new-york

Henrik Oleson

MINI/Goethe-Institut Curatorial Residencies Ludlow 38

Although he has spent the past few years generating an Aby Warburg–type atlas of “faggy gestures” found throughout art history, Berlin-based, Danish artist Henrik Olesen took, for his first solo show in the United States, only one man as muse: mathematician Alan Turing (1912–1954). A cult figure to many, Turing is credited with both breaking Germany’s World War II Enigma code and developing the first modern computer. He was also gay; charged as such under British law, he chose to accept state-administered “corrective” hormone therapy over incarceration. A few years after his trial, Turing, biting into a cyanide-coated apple, committed suicide.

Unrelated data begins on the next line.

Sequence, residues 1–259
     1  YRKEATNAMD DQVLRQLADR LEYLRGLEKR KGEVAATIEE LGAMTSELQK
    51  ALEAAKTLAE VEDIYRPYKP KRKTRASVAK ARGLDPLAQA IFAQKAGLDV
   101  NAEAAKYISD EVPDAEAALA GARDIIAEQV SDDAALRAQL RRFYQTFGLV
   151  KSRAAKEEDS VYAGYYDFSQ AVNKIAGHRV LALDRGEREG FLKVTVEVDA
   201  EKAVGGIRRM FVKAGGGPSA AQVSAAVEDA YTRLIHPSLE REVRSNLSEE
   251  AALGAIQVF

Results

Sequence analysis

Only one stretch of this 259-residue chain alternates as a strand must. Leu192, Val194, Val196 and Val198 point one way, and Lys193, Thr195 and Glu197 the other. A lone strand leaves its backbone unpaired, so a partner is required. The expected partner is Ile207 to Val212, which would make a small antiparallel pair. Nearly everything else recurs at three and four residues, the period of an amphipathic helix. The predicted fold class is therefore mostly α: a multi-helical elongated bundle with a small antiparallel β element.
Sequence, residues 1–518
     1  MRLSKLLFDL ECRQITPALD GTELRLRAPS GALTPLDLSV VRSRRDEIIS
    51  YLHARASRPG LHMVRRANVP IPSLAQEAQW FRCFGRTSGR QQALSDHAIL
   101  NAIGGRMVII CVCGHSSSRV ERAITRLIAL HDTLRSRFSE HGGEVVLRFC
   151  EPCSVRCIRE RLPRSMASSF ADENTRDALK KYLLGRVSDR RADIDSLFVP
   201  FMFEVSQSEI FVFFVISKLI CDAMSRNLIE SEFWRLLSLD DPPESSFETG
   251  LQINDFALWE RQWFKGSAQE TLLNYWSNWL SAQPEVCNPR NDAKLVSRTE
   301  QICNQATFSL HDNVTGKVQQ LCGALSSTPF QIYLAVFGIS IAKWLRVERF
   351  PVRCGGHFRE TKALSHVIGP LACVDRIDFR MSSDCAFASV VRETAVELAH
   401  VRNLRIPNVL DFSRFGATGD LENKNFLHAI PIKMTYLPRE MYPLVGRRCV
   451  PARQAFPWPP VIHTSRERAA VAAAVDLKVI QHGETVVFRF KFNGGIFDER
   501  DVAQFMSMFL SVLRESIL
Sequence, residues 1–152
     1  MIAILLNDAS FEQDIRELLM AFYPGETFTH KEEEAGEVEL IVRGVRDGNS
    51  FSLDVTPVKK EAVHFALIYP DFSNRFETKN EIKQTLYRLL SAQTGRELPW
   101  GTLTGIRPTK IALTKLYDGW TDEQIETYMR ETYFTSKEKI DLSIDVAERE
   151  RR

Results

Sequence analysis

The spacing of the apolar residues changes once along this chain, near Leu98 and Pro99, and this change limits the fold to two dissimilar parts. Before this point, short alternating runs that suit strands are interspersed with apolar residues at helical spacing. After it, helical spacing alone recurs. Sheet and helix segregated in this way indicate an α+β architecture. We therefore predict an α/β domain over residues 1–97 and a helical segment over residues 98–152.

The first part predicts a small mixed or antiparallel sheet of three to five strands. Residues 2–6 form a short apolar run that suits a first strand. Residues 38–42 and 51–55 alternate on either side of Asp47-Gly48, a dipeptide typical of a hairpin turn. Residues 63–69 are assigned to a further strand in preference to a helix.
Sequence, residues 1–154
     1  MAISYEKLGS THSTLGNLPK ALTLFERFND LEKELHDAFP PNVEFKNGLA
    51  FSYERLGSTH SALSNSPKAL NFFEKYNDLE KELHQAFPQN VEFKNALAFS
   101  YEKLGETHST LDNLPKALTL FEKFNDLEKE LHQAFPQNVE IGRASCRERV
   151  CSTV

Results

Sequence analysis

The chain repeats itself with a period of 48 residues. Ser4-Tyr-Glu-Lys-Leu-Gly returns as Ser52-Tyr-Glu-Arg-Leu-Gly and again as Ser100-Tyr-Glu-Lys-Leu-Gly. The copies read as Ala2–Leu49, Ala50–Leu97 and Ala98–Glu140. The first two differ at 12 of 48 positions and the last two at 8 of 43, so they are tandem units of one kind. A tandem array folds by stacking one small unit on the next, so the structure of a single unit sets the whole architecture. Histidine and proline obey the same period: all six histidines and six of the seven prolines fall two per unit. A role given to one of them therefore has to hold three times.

This last detail has particular resonance in Olesen’s installation, which, in embodying the complex circuitry of Turing’s persona, seemed to project the figure as fabled character. Rendering the exhibition as a dispersed portrait, Olesen depicted

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